A blog of general comment by one of L.A.'s best known commentator/essayists. Humor, drama, pathos, satire and, well, everything else.
Somebody get the smelling salts. I have passed out on the floor from the shock of hearing the news: war is cruel and inhuman and disgusting.
It came to me in the form of a video that revealed four United States Marines urinating on the dead bodies of enemy soldiers in Afghanistan.
There was an immediate outcry against the desecration of our military adversaries even after we had shot the life out of them. It was OK to kill them but not to piss on them afterward.
As a result, we are demanding severe punishment for the warriors who for reasons of their own had no respect for those who had been trying to kill them and had chosen a crude but effective method of demonstrating their disrespect. But that’s not allowed anymore in the more genteel requirements of human conflict, and they must pay the price of their indiscretion.
So what am I missing here?
As a former Marine during the Korean War, it was always my understanding that war was dirty, and ugly and painful and essentially quite discourteous. We were not trained in boot camp and at Camp Pendleton to be friends with our enemy but rather to blow them into confetti by whatever means available. Shoot them, bomb them or burn them, but by any method subdue them.
Pissing on them afterwards was never offered as an option but one understood that they were bad guys out to kill you and well might manifest their antipathies in many different ways, including those utilized by the Marines in Afghanistan.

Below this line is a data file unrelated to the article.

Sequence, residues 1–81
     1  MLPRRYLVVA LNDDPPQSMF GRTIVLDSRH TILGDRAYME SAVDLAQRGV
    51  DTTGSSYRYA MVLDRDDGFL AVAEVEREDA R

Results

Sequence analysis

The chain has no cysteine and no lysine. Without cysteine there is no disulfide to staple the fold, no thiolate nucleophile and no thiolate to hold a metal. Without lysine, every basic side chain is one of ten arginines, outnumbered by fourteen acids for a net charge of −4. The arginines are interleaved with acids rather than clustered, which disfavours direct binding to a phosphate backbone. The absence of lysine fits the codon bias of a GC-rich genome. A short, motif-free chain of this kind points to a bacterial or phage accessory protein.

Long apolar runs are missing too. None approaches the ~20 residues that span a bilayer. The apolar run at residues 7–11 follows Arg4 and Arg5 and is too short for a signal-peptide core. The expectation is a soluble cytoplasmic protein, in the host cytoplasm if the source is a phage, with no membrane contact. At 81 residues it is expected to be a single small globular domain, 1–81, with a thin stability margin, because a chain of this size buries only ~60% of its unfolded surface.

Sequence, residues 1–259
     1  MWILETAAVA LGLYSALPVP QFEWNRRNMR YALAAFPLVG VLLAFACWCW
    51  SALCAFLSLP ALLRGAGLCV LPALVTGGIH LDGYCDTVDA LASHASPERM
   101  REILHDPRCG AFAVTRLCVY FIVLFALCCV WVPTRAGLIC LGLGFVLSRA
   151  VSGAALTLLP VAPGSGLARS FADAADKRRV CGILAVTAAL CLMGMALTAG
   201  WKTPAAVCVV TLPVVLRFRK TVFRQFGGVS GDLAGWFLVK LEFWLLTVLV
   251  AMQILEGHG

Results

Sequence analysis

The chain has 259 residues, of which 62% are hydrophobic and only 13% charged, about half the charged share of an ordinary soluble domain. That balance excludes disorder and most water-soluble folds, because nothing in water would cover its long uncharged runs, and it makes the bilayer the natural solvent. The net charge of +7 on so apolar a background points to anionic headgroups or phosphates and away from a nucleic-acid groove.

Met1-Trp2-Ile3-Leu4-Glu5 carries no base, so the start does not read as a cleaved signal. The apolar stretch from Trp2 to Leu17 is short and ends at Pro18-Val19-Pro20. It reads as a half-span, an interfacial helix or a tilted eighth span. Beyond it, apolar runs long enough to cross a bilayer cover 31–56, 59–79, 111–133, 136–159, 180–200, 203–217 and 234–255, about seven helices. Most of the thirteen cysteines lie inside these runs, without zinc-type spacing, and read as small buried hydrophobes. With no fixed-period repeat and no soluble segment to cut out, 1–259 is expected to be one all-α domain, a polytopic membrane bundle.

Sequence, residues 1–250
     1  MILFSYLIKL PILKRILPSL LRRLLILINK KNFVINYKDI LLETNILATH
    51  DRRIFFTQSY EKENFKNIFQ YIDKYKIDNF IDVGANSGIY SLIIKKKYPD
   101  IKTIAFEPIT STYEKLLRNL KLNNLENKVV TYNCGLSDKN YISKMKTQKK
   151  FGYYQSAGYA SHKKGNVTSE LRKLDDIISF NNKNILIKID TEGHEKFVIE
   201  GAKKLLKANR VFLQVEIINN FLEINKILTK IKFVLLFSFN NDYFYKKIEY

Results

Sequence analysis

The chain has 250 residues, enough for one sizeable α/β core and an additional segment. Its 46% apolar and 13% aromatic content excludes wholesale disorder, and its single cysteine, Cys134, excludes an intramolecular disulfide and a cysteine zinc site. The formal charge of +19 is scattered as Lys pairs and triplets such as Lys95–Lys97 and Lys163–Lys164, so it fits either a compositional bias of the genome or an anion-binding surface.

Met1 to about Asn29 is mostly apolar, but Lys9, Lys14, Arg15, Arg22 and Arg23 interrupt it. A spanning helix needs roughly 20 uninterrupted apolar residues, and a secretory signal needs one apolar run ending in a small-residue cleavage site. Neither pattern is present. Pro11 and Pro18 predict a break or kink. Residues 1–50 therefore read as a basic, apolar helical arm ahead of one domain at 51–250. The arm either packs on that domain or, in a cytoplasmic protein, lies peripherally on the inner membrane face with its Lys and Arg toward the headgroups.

My best memory of war is of a fellow infantryman who, when there seemed an odd occurrence in the heat of battle, would shake his head and says “This is unreal.” He would amplify the phrase by concluding later that what had happened must have occurred in some kind of parallel universe.
It could not have happened to him. Not really.
He had a point. Where life and death intersect, there is no reality. The very idea of members of the same species confronting one another on a field of battle and killing each other according to very specific rules is surreal. It flashes into the head with the peculiarity of a new idea: I could die here.
Try as we might, we cannot gentrify war. We do not have referees wandering the battlegrounds to make sure that everyone is performing his duties in the best interest of the Geneva Accord. Neither do those with guns and bombs have the inclination to carry a condensed version of the rules stuffed in a pocket of their ammo belts and little time to implement those rules if they had them.
Complicating the problem of ungentlemanly conduct by our soldiers is that the newer wars are not “traditional.” We do not see great armies clashing head-on with tanks rolling and bayonets fixed. In Afghanistan and in Iraq before that, we are engaged in combat with shadows and whispers that dart in and out of reality like subliminal thoughts, targets that merge and melt before one’s very eyes.
The unreality of war has taken a quantum leap.
Does that justify desecrating the bodies of those we have killed? Never. But in their way, the Marines were playing by a set of rules that exposed what war is really all about. It is full of mindless rage, thoughtless acts of violence and a consuming desire for vengeance.
By its inherent disrespect for life, war pisses on the whole human race.
Al Martinez is a Pulitzer Prize winning essayist, former columnist for the Los Angeles Times, author of a dozen books, an Emmy-nominated creator of prime time television shows, a travel writer, humorist and general hell-raiser. Try him. He's addictive.
Joanne Cinelli Martinez is composed of artist, poet, gourmet chef, interior decorator, photographer, volunteer, and all around intelligent person; also the life long partner and care taker of the simple but happy little man who runs the blog. She views him with suspicion and uncertainty. It is a cautionary love story.